Our Services

Get 15% Discount on your First Order

(lab) Slide and Catch Game Part IIStart AssignmentPoints 100 Submitting a text entry box, a website url, or a file uploadOverview This week’s project

(lab) Slide and Catch Game Part IIStart Assignment

  • Points 100
  • Submitting a text entry box, a website url, or a file upload


This week’s project is an extension of the one from last week. 

You should already have a project with the following features:

  • A subclassed Scene for game play
  • An avatar sprite controlled by the user
  • User sprite will move in X or Y axis
  • Use keyboard input to change sprite position
  • At least one target sprite
  • Target sprite is computer controlled
  • It can move from top to bottom of screen
  • Behavior should be somewhat randomized
  • All sprites should consider boundary checking
  • There should be a test for collision between player sprite and target sprites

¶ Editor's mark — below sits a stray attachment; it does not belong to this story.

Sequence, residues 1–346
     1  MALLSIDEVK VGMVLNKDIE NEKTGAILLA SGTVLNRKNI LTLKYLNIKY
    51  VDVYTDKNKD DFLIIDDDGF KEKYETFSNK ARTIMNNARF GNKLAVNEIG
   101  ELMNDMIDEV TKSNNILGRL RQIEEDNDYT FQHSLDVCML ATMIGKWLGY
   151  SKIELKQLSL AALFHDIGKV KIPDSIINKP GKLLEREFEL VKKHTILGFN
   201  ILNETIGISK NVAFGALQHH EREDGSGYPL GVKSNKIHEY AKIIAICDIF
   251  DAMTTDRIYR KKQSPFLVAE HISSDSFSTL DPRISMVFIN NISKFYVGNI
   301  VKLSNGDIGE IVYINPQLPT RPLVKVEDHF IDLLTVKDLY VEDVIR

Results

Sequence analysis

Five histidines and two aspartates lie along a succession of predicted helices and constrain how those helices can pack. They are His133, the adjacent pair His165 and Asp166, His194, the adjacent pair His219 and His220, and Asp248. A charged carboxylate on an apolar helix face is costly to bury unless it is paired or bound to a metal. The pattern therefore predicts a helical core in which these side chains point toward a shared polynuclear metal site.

• You should have a sound effect in place for handling collisions.

If you did not turn in a game with these features last week, we will provide you with a starting place template you can work with so you won’t fall too far behind

Gameplay labels

The game needs to have some kind of goals and obstacles.  It’s important to explain this to the user so she knows what to do.  We’ll do that in two ways.  First, we’ll add feedback to the game screen. This will allow us to keep track of points, and will also allow us to place a countdown timer on the screen.  Here’s the steps

  • Create a label for showing the score.  Get this label to appear on the game play screen